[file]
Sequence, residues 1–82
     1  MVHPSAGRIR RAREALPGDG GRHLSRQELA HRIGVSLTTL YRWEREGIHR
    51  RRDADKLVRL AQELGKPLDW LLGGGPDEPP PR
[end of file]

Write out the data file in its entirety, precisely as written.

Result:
Sequence, residues 1–82
     1  MVHPSAGRIR RAREALPGDG GRHLSRQELA HRIGVSLTTL YRWEREGIHR
    51  RRDADKLVRL AQELGKPLDW LLGGGPDEPP PR